Interview with Dr Yinghong Zhou

Position: Deputy Director Australia-China Centre for Tissue Engineering and Regenerative Medicine (ACCTERM) and Senior Research Fellow,  

Organisation: School of Mechanical, Medical and Process Engineering, Queensland University of Technology 

One-liner: Dr Yinghong Zhou is leading clever research into bone tissue engineering to improve bone repair and regeneration.

The advancement of communication technologies provides an enormous opportunity for researchers to not only learn about the world, but interact with the world. 

The Interview

What motivated you to become a Senior Research Fellow leading the Bone Tissue Engineering and Regenerative Dentistry research team at the Centre for Biomedical Technologies?  

Lauren Nguyen, Southport SHS Gold Coast 

Leveraging my training in both clinical dentistry and biomedical engineering, my vision is to develop ‘smart’ biomaterials to harness the body’s regenerative potential to regrow damaged tissues for inflammatory bone diseases, such as periodontitis and osteoarthritis. My passion for translational research derives from my personal quest as a curiosity-driven researcher to tackle unresolved clinical issues and spread the knowledge to next generation of science, technology, engineering, mathematics and medicine (STEMM) pursuers as well as a broader community.

What are you working on at the Australia–China Centre for Tissue Engineering and Regenerative Medicine? 

STEM Girl Power 

As Deputy Director of Australia-China Centre for Tissue Engineering and Regenerative Medicine (ACCTERM), I lead a team of two project officers to grow our global research partners (academic + industry) beyond China, USA, UK, and Canada. We are aiming to create a highly visible hub for international research by:  

  • Developing annual research forums. 
  • Managing more than five multi-institutional collaborative research projects. 
  • Providing leadership to support three joint PhD supervision and student/scholar exchange programs a year. 
  • Leading the development of the quarterly e-newsletter and the ACCTERM website to disseminate the latest research findings to research partners and the public.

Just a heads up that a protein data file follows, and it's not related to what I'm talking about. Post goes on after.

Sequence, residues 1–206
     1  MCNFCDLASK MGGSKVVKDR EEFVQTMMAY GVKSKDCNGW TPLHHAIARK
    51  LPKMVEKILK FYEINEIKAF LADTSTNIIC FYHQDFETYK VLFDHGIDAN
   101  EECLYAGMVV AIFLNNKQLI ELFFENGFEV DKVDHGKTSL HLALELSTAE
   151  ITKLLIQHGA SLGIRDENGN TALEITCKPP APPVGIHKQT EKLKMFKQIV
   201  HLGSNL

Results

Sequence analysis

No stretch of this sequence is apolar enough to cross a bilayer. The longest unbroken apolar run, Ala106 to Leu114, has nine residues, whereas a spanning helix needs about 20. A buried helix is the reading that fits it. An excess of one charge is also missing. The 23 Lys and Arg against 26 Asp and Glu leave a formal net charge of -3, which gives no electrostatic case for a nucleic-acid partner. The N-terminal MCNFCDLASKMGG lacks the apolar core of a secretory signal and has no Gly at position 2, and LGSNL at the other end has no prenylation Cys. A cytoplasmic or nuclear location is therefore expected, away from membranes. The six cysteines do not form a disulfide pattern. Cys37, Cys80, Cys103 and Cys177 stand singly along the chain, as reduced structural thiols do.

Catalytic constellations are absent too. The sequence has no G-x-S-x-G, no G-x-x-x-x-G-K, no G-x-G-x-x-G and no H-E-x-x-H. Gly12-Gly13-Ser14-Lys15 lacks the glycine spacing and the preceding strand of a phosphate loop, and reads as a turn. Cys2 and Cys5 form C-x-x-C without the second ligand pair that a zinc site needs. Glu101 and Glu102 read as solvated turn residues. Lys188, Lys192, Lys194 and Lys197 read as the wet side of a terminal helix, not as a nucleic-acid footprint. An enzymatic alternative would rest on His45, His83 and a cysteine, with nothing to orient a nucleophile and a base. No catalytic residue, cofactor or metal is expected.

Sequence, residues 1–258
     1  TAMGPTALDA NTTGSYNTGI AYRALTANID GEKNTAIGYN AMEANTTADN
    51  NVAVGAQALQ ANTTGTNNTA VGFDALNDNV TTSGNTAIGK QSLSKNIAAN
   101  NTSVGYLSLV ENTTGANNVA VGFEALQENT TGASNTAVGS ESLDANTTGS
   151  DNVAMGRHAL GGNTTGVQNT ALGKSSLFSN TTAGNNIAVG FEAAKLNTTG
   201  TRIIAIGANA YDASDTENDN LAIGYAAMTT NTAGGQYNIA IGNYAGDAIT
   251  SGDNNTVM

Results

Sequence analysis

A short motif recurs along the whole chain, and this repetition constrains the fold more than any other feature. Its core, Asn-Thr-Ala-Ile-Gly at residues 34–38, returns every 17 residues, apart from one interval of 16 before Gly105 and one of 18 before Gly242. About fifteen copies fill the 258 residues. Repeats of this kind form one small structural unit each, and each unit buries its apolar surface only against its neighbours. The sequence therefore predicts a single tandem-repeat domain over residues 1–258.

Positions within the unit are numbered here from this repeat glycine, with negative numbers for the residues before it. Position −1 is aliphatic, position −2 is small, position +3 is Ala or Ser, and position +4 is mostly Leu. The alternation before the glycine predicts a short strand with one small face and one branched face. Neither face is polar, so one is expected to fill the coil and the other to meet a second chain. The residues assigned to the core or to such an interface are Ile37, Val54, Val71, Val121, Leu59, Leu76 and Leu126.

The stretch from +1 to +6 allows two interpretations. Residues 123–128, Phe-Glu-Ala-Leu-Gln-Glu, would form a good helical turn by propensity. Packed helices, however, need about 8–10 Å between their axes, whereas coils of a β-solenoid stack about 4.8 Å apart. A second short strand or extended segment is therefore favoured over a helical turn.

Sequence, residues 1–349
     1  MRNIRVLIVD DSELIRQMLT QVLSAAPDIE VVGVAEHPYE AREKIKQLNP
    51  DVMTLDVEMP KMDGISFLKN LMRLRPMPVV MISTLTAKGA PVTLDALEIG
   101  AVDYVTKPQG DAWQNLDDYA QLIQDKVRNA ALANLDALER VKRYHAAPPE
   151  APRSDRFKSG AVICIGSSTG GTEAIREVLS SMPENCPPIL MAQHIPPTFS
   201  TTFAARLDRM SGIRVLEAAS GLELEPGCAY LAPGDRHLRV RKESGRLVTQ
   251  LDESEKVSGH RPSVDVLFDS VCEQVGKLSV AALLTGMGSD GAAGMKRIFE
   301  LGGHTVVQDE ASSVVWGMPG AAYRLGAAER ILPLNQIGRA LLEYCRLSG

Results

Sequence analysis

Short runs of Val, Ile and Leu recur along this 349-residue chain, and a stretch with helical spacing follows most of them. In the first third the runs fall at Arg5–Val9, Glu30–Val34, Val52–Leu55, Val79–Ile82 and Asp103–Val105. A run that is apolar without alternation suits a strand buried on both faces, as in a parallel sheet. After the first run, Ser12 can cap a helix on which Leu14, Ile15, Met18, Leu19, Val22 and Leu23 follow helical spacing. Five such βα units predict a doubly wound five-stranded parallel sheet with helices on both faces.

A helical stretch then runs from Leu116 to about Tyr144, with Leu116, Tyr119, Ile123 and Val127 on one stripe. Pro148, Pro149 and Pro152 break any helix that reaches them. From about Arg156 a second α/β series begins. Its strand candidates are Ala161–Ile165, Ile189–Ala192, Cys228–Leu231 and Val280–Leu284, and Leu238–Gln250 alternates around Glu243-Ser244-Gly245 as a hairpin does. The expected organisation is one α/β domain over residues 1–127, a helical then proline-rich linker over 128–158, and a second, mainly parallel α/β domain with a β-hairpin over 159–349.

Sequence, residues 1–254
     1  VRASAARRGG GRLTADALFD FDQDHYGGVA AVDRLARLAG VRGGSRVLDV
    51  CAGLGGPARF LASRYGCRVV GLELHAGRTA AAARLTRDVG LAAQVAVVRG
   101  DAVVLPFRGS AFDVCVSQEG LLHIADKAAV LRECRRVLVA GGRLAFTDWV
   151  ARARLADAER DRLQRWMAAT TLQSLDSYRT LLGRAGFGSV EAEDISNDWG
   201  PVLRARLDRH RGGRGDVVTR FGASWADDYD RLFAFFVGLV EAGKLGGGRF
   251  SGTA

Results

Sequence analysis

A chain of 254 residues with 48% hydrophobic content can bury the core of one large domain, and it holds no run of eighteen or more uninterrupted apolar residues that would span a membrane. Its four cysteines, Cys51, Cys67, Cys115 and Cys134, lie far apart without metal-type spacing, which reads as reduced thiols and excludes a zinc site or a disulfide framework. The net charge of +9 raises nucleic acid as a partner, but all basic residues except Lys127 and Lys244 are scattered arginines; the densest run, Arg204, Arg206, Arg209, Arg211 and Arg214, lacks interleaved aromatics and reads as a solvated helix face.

What are the most common bone-related diseases that can be treated?     

STEM Girl Power 

A fracture is one of the most common bone-related diseases that can be treated. A fracture is a broken bone, usually due to trauma and osteoporosis. Fractures can generally be treated with a cast or splint. These supports keep the bone immobilised and straighten it. For some breaks, surgery may be needed to hold the bone steady using screws and plates. 

As a person who has had many accomplishments in their life, are there any other goals or achievements that you would like to obtain in the future?  

Grace Johnstone, Moranbah SHS 

I’d like to see my research outcomes translated from labs to clinics to improve outcomes for patients and contribute to a cost-effective Australian and global healthcare system. 

As communication technologies have changed over time has that made it easier to work with researchers across the globe? 

STEM Girl Power

The advancement of communication technologies provides an enormous opportunity for researchers to not only learn about the world but interact with the world. The instant connection enables novel multi-institutional and multi-disciplinary collaborations. You can see evidence of this already, with the increasing numbers of research papers and grants being published with national and international collaborators. 

Do you look at case studies of those with injuries or abnormalities or is it bigger picture work?   

STEM Girl Power 

My research is expanded on the pathogenesis of bone-related disease, dissecting the mechanisms behind general cases to create new approaches to disease prevention, treatment and management. 

What do you think could be commercialised in bone tissue engineering?    

STEM Girl Power 

I think a great opportunity for commercialisation is bone grafts that are customised for individual needs – this could include the size, shape, material composition, mechanical strength, biocompatibility, and biodegradability of the bone grafts. 


Dr Yinghong Zhou is a Senior Research Fellow leading the Bone Tissue Engineering and Regenerative Dentistry research team at the Centre for Biomedical Technologies.   

She obtained her PhD in Medical Engineering from the Queensland University of Technology (QUT) in 2013.   

Yinghong seeks to understand the mechanisms for bone repair and regeneration, with a particular interest in stem cell therapy and biomaterial application. Much of her past and current research work has utilised animal models to investigate the pathophysiology and treatment of bone-related diseases.   

She has been awarded a prestigious NHMRC Early Career Fellowship(2016-2020) to investigate cell signalling cues involved in periodontal tissue (around and supporting teeth) regeneration, as well as an Endeavour Research Fellowship (2017) for a collaborative project on dissecting the role of DMP1 in cell transformation at Texas A&M University College of Dentistry.   

In 2013 she was appointed as the Coordinator of the Australia–China Centre for Tissue Engineering and Regenerative Medicine (ACCTERM), then Deputy Director in 2016 and has worked in the role since.  

In July 2021 Yinghong was one of twenty pharmaceutical and MedTech researchers, entrepreneurs and innovators in Australia to be awarded a BridgeTech Program fellowship, these industry-based fellowships aim to boost skills and advance research or technology towards commercialisation.  

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